It is very common these days for a single system to host many domains. For instance, oreillynet.com and onlamp.com might run on a single host, but act as if they were two totally different hosts. A system usually has a canonical domain, which is considered its usual or common domain name. Additional domains are configured as virtual domains. Each virtual domain can host services such as web sites and email as if it were the only domain on a server. This chapter explains several different mechanisms for hosting multiple domains. The techniques are explained separately, but it is possible to mix techniques if you must handle different domains in different ways.
To determine which technique or techniques you need, you must decide how Postfix should deliver messages for virtual domains. There are two important considerations that influence how you should configure Postfix for hosting multiple domains:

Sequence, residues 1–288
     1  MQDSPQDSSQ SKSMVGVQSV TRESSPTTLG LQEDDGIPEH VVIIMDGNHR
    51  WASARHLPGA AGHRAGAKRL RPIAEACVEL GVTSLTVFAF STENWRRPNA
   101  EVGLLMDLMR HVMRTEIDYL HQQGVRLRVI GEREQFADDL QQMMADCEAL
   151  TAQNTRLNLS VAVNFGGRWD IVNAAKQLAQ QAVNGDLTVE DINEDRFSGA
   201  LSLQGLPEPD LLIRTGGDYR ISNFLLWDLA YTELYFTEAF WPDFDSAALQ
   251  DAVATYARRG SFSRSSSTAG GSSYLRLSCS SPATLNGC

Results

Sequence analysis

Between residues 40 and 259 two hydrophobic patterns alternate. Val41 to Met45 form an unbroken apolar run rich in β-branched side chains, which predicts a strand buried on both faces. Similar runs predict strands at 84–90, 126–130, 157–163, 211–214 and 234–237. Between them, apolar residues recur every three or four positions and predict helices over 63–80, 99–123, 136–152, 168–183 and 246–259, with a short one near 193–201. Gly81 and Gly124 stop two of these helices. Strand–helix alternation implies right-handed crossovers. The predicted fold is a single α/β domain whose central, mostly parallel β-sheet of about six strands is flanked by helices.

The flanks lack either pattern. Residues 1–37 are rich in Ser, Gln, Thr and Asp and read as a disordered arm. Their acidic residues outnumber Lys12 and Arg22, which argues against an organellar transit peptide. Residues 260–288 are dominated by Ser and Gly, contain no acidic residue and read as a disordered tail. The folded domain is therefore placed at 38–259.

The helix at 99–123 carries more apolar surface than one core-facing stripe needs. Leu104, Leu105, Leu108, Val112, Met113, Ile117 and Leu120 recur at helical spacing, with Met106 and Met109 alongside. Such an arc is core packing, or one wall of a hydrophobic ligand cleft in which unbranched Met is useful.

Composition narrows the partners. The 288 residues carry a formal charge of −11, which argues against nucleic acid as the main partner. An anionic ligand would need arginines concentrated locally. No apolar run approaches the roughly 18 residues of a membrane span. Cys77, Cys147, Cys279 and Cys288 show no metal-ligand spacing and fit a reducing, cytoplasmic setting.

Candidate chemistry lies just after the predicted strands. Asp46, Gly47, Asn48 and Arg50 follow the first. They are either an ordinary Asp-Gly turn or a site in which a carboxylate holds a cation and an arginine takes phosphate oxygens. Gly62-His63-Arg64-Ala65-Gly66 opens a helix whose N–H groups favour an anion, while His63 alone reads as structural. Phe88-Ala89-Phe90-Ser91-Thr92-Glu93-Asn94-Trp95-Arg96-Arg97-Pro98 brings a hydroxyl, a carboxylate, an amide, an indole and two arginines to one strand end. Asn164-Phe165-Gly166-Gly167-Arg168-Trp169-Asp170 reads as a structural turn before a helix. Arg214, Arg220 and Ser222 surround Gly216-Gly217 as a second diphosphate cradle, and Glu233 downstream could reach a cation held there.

We'll consider four different ways Postfix can handle mail for virtual domains:
Your POP/IMAP server will be a major factor in deciding which technique you need. If your POP/IMAP server does not understand virtual domains, then it will most likely require that you have system accounts for all addresses. Some POP/IMAP servers inherently support multiple domains, and deliver messages into a particular directory structure on the local filesystem. Other POP/IMAP servers use their own proprietary message store. Postfix can hand off messages to them using LMTP.
Regardless of the technique you use, all of your virtual domains must be configured correctly in DNS. You should configure DNS for virtual domains the same way you do for your system's canonical domain. See Chapter 6 for information on Postfix and DNS.